Aust shares fall for third day amid US debt deadlock
The local share market has fallen for its third straight day amid a stalemate in the US debt ceiling talks.
The benchmark S&P/ASX200 on Wednesday closed down 46.1 points, or 0.63 per cent, to a five-day low of 7,213.8.
The broader All Ordinaries dropped 54.5 points, or 0.73 per cent, to 7,392.9.
Corpay APAC currency strategist Peter Dragicevich wrote in a note that markets were getting skittish as negotiations between US House Speaker Kevin McCarthy and President Joe Biden continued with no sign of an imminent resolution.
The US is expected to run out of statutory authority to pay its bills on or about June 1 on what's being referred to as the X-date.
"The longer the negotiations drag out and the closer the 'X-date' becomes, the higher anxiety levels (and volatility) are likely to go, and this is typically a negative for risk assets and currencies," Mr Dragicevich wrote.
Also overnight, Purchasing Managers Index data showed manufacturing activity down in the US and the UK, while service activity remained robust.
Across the ditch, the Reserve Bank of New Zealand at midday lifted the country's official cash rate by 25 basis points to 5.5 per cent in a 5-2 vote, with the minority wanting to keep rates on hold.
It was seen as a "dovish hike" by one of the most hawkish central banks globally, with the RBNZ forecasting it was finally done hiking rates and would begin cutting them by the third quarter of next year.
Six of the ASX's 11 official sectors finished lower, with materials the biggest loser, falling 1.7 per cent following a drop in iron ore futures amid a slowdown in Chinese steel production.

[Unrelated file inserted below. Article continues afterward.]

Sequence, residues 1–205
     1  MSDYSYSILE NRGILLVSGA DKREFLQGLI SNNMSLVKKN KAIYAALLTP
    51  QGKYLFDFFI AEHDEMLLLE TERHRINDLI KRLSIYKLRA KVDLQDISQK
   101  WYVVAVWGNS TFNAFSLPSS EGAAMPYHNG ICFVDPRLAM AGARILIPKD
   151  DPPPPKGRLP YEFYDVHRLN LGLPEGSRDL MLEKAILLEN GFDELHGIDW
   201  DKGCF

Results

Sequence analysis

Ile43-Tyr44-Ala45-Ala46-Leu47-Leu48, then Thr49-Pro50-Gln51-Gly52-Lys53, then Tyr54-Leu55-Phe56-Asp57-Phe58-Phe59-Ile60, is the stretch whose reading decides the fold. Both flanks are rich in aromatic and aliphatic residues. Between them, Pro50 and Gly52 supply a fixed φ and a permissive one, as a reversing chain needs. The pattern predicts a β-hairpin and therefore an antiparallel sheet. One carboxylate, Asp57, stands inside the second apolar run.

BHP dropped 2.2 per cent to $42.82, Fortescue fell 4.1 per cent to $19.62, and Rio Tinto retreated 2.1 per cent to $107.06.
Gold miners were mixed as the price of the precious metal hovered about $US1,975 an ounce.
Newcrest was up 0.6 per cent, but Evolution dipped 0.5 per cent and Northern Star was down 0.1 per cent.
In the banking sector, CBA gained 0.5 per cent to $99.93 as the country's biggest bank announced it would next month launch a new version of its popular CommBank app.
The new version will allow the app's 7.7 million active users to trade Australian shares through CommSec and offer them an individually tailored home screen, CBA said.
As for the rest of the Big Four, NAB dropped 0.2 per cent to $26.61, Westpac fell 0.1 per cent to $21.23 and ANZ was basically flat at $23.96.
Webjet was the second-best gainer among the ASX200, climbing 3.8 per cent to a more than three-year high of $7.58 after the travel platform announced it had swung from a $15 million loss last fiscal year to a $134.8m operating profit for 2022/23.
Managing director John Guscic said while travel had yet to fully return to what it was before COVID-19 hit, the group's bookings, total transaction value and operating earnings were all ahead of pre-pandemic levels.
Universal Store Holdings had plunged 27.5 per cent to $3 after the youth casual apparel retailer, which owns the THRILLS and Worship brands, said it was on track to deliver record full-year sales growth but trading conditions had deteriorated in April and May.
There were "increasingly clear signs that the youth customer is seeing pressures on their discretionary spending levels", the Queensland-based company said.
Back in the mining sector, Rubix Resources soared 50 per cent to 27c after the junior explorer announced it was acquiring a lithium project in the James Bay region of Quebec, Canada, amid continued enthusiasm for the battery metal.
The Australian dollar was buying 65.72 US cents, from 66.48 US cents at Tuesday's ASX close.
The Aussie had hit a nine-day high against the New Zealand dollar, which dropped following the RBNZ's announcement.
ON THE ASX:
* The benchmark S&P/ASX200 index finished Wednesday down 46.1 points, or 0.63 per cent, at 7,213.8.
* The broader All Ordinaries dropped 54.5 points, or 0.73 per cent, to 7,392.9.
One Australian dollar buys:
* 65.72 US cents, from 66.48 US cents at Tuesday's ASX close
* 91.26 Japanese yen, from 92.05 Japanese yen
* 61.07 Euro cents, from 61.50 Euro cents
* 52.84 British pence, from 53.48 British pence
* 107.18 NZ cents, from 105.95 NZ cents